Doniphan County was organized on September 18, 1855, as one of the 33 original counties organized by the Territorial Legislature. It was founded by Joel P. Blair; E. B. Rogers; and A. Dunning, and contains the cities of Troy, Highland, White Cloud, Denton, Elwood, Wathena, Leona and Severance. It was named for General Alexander Doniphan, of Mexican War fame. It is said that in the county seat war between Troy and Wathena, the story is told of a cannon that was stolen nightly by one town or the other, depending on who had it in their possession, until finally someone sunk it in the local creek. It was also told that the county records were treated in the same manner.
Doniphan county is known as the “birthplace” in Kansas of “squatter sovereignty,” with the creation of the Squatter Association of Kansas in the county in 1854. Also the first railroad in Kansas, the Roseport and Palmetto, was established in the county in 1860. The first macadam road in the state was laid in the county in 1858, and the first long distance telephone company in the state was established in 1881.
The first church was the Highland Mission Presbyterain Church. The first county fair was held near Troy in the 1860s. The first school district was at the Martin School in 1856.
Doniphan is home to two interesting Kansans, Daniel Woodson, the first secretary of Kansas Territory, and five times acting governor of the Territory (1855, 1856) and Charles E. Whittaker of Doniphan County served on the United States Supreme Court from 1957 to 1962. He is the only native Kansan to ever sit on the nation’s highest court.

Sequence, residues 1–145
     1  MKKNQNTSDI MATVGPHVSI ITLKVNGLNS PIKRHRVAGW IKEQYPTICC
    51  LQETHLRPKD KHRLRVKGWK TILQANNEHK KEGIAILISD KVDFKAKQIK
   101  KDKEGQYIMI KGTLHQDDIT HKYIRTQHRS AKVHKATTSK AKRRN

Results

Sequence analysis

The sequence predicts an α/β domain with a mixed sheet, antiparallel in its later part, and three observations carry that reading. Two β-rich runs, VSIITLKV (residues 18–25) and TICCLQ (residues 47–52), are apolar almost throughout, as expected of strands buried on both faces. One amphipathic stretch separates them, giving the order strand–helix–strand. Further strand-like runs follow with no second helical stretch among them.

The book, Paper Moon, used the town of White Cloud as one of its locations.
Doniphan is home to many interesting sites such as, the Charles “Buffalo” Jones House in Troy, the Benjamin Harding House in Wathena, the James Gallagher House of Wolf River, the Highland Mission, and the Fred Baker House (where Lincoln stayed during his visit to Kansas) in White Cloud. see footnote.
footnote: The Fred Baker House is in Troy, not White Cloud and Mr. Lincoln visited it December 1, 1859. Mr. Lincoln was a passenger on the steamboat Columbia that was at White Cloud August 11, 1859, on his way to Council Bluffs, Iowa. For more particulars, see my, “a lincoln guide c. b. 1859” coming soon to this site.
Larry Faulkner, researcher and web site owner.